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Archive for the ‘Personal Finance’ Category

In The New Year, Find Your Financial Angel!

December 10th, 2010 No comments

I got this email message from a co-worker about doing a simple thing and the result will be ‘financial abundance’. I’ve copied the message plus the angel below.

You have just been sent a Financial Abundance angel!
Pass her to two people, and be rich in four days.
Pass her to six then be rich in two days.
You ARE already rich!!!
I am not joking; you will find an unexpected windfall. If you delete her, you will never know how she works?..

I’ve never been the type to fall for this method of improving your finances, though attitude can play a factor in your personal finances. Also, great things do happen to people all the time (winning the lottery, inheriting money, etc) that can dramatically improve your finances in a short time.

What is interesting about the fellow who sent this is that he does have real financial problems but he has the means and the capability to create ‘abundance’ if he chose to take steps to improve it. Here is a summary of his finances:

  1. Six figure income.
  2. He owns multiple investment properties.
  3. He owns his primary home.
  4. He has stocks investments both taxable and deferred (retirement accounts).
  5. He has a spouse of similar earnings potential (once school is over).
  6. But, he is out of cash, living paycheck to paycheck.

Even if his angel comes through, he is still going to need to manage his money better. There isn’t any angel that can help him that, he needs to do this on his own.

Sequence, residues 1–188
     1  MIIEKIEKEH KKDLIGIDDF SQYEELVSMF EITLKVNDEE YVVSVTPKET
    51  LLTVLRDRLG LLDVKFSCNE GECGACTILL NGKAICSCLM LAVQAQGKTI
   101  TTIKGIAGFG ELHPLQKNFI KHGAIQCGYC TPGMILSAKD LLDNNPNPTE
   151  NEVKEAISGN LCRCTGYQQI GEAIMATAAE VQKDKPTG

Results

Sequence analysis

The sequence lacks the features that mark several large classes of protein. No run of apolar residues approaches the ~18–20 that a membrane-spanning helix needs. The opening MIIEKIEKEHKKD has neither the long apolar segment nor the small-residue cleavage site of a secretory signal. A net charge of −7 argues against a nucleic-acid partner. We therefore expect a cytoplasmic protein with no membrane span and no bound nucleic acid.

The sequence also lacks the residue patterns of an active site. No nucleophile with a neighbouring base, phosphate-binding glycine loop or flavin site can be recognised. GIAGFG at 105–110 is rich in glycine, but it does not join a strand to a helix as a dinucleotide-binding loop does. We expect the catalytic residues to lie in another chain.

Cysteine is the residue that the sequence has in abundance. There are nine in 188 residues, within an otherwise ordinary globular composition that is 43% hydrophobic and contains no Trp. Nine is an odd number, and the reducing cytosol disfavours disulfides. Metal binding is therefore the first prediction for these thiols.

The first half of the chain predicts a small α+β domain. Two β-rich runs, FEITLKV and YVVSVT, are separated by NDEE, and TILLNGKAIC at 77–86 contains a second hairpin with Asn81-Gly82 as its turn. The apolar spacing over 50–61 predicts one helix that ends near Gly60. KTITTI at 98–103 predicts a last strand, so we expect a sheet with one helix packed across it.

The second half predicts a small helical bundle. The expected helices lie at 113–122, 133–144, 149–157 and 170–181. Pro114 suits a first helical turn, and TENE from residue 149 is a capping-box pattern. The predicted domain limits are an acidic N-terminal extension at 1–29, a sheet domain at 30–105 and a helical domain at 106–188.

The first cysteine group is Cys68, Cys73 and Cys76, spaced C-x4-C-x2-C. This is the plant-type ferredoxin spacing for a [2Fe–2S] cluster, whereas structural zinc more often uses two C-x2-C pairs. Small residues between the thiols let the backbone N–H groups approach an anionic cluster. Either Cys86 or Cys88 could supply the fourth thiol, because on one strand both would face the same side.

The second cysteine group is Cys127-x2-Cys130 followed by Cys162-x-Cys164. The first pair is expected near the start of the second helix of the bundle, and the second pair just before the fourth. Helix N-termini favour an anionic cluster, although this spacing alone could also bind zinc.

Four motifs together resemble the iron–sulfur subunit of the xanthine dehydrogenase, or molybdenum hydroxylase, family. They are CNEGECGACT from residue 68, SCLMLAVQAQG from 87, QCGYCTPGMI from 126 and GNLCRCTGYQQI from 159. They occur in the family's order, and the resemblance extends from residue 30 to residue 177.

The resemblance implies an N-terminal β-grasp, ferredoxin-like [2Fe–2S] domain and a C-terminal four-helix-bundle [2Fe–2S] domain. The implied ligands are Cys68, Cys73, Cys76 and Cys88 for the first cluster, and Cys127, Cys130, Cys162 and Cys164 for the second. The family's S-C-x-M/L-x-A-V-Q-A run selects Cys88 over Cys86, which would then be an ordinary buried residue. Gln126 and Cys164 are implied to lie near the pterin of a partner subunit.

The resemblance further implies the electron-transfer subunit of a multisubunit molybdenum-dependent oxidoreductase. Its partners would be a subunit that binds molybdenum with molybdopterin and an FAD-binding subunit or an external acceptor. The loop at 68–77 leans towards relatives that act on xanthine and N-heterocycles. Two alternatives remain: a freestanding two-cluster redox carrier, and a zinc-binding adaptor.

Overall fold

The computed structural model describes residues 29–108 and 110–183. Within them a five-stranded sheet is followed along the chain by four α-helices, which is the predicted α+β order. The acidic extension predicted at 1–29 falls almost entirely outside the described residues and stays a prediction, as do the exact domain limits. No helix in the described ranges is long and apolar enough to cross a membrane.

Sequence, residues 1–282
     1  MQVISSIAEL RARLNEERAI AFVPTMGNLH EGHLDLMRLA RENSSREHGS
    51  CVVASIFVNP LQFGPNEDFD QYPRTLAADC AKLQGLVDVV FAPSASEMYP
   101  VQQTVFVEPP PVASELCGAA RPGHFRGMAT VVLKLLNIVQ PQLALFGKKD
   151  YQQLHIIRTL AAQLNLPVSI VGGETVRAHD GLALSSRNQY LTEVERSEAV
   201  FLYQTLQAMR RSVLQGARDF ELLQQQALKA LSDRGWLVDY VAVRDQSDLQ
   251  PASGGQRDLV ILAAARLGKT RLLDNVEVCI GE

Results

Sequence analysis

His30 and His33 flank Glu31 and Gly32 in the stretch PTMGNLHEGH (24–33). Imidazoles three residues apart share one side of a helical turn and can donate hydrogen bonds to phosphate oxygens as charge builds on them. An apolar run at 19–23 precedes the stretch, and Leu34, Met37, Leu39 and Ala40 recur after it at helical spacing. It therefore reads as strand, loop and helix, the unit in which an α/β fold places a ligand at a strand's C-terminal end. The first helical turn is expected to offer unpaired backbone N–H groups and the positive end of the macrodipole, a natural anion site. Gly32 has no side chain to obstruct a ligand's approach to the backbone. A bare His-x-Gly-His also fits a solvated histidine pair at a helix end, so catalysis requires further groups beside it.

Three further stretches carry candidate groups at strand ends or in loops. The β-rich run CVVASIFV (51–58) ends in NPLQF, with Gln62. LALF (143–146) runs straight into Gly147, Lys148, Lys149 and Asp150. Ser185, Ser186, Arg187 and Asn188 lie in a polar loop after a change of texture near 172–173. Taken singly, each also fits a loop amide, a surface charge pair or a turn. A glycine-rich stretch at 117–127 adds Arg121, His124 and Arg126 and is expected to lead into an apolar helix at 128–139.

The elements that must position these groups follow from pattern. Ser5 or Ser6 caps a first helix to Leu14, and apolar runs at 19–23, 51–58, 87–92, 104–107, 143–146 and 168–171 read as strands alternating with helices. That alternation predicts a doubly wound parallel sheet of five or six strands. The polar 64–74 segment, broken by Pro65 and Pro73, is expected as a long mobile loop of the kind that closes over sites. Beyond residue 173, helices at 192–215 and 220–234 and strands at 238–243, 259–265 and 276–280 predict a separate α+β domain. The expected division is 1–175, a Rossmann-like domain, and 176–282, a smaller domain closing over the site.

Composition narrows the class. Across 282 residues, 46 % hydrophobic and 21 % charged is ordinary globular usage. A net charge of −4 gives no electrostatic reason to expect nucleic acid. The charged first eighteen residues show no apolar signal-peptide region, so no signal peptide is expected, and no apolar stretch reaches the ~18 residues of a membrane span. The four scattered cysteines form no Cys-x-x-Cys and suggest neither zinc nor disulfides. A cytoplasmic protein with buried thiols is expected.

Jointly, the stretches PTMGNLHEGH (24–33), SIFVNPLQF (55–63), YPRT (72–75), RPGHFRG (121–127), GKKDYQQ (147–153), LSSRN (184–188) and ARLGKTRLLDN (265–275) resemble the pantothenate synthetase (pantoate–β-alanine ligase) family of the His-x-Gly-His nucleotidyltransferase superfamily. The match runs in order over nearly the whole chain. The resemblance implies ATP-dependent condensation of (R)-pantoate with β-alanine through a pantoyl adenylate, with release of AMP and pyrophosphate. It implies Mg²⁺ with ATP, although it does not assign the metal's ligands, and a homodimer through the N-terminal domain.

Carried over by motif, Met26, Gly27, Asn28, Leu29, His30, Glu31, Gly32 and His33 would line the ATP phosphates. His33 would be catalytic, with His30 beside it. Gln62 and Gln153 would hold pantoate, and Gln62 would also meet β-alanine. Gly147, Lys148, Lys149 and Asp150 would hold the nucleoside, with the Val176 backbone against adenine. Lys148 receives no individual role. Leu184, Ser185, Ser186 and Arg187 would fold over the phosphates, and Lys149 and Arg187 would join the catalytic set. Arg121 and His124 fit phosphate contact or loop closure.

What are you doing in the new year to improve your finances?

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Your Saving Money…What To Do Next With The Cash?

July 14th, 2010 No comments

People go through different stages in their financial lives, hopefully improving as time goes on. At some point you will likely reach a stage that can be called Accumulation Phase, or Phase 3 in this good article from Moolanomy about financial health. In summary, you are no longer spending more each month; that is, you have enough money to pay your bills with some money leftover for savings and investment.

I think that this is the most difficult step to tackle. You might not know what to do next with the money you are saving. From my own experience, I’ve never had problems with debt but I have stumbled investing, it took a while to learn enough about it to make intelligent decisions. I’m still learning.

This post is not about what you should do specifically with your savings, but I talk about 4 concepts that are important to understand about how to manage your stash. Even if you do invest your cash later on, you very likely will still maintain some level of cash reserves. Here’s some things you need to know.

1) Maintain Liquidity

If you read personal finance articles a lot, very common advice given is to keep 3-6 months in emergency savings to handle unexpected bills, unemployment, etc. This advice is good, it’s an example of liquidity. This simply means the ability to get access to cash quickly with limited or no loss of principal. A savings account at a bank is very liquid, you can withdraw cash in minutes at an ATM or a cashier. Your home is not liquid, it takes weeks or months to convert to cash; though, it could happen quicker if you are willing to sacrifice principal (sell it at below market value). Another example – cashing in a 6 month Certificate of Deposit (CD) early will usually result in a loss of earned interest.

So, cash is good because it enables you to plan for future expenses as well as handle any unexpected ones (new water heater, e.g.). After all you want to be able to pay for expenses without credit card or other debt if possible. Here are some examples of places to put your money that have high liquidity: